BY ERIC A. HOWALD
Of the Keizertimes
Some of the lessons from Cathy Clark’s first two years as Keizer’s mayor fill two notebooks.
They are the compiled notes, questions and ideas from nearly two years of her monthly Coffee with Cathy talks. Each month, she sets down stakes at a local coffee shop and invites residents of the city to come and share their concerns and ideas, and she’s been keeping track.
“From the start, I wanted to be open and accessible to the residents of the city. I want to hear what people are thinking and I want them to be involved in problem-solving,” said Clark, who will seek re-election as mayor in November.
She was the only candidate to register for the mayoral race.
Clark served as a city councilor for eight years before being elected mayor, and said she’s approached both jobs with the same attitude.
“I feel tremendously privileged to get to serve in this capacity. I truly feel like this is something I get to do, not have to do,” Clark said.
In some respects, Clark has already laid some of the groundwork for her next term. During the past several months, she has taken the lead in conversations about increasing funding for parks and police. Because property taxes are locked in at 1996 levels, city officials are exploring the possibilities of adding fees to utility bills for the specific purpose of creating dedicated funding for those two services.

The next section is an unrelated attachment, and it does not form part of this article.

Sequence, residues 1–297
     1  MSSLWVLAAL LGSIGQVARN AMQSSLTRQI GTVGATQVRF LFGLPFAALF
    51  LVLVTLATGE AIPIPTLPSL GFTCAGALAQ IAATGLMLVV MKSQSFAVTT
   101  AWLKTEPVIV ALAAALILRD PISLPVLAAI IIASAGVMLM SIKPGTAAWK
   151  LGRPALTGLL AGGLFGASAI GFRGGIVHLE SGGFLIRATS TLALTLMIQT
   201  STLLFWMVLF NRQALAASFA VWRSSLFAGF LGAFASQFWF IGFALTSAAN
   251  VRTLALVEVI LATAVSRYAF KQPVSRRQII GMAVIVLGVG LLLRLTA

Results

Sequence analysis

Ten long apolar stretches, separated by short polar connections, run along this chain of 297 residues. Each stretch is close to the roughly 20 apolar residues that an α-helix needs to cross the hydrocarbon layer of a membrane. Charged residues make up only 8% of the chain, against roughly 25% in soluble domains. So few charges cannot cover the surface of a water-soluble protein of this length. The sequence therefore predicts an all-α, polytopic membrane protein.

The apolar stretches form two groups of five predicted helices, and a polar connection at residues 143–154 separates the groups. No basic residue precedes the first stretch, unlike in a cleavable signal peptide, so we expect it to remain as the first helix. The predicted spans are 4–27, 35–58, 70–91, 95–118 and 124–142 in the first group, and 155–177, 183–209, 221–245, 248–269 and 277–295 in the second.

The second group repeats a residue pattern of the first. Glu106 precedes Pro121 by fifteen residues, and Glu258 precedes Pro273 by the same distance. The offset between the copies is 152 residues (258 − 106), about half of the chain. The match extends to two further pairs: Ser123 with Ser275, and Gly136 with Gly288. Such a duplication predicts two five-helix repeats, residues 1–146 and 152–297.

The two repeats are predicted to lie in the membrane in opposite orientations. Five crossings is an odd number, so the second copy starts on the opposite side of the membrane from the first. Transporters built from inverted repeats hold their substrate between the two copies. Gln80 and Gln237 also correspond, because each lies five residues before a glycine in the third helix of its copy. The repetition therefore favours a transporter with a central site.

“Keizer has always been about pride spirit and volunteerism and we have to decide what that’s going to look like for the generation coming up. We have to plan responsibly for the needs of the future,” Clark said.
One of the perennial goals of the council has been to determine the future of the Urban Growth Boundary Keizer shares with Salem. Past talks on the issue have stalled out more frequently than not, but Keizer is facing a housing shortage and an even more drastic shortage of local jobs.
“We can’t tell people that you can have a home, but you’re going to have to drive for your job. We have a business community that wants to thrive and we want to build a kind of community where deep-rooted, sustainable business is possible,” Clark said.
To that end, Clark is hoping to incorporate changes in Keizer’s development code that will pave the way for more diverse uses of existing spaces, such as workforce housing on top of retail spaces.
She said the Keizer Economic Development Commission has moved slower than some people would like to see, but its been necessary to assess the current state of affairs and the tools the city has available to provide activation energy for changes.
Clark would like to see KEDC develop a business retention and expansion plan that prioritizes future city needs, but its one of those projects that is going to require input on multiple levels and from people with already enormously busy schedules.
“Even on that front though, we’ve seen about six properties flip between Chemawa Road Northeast and Dearborn Avenue Northeast and that are all looking great,” Clark said.
Keizer city elections, as well as the national elections, will be held November 8.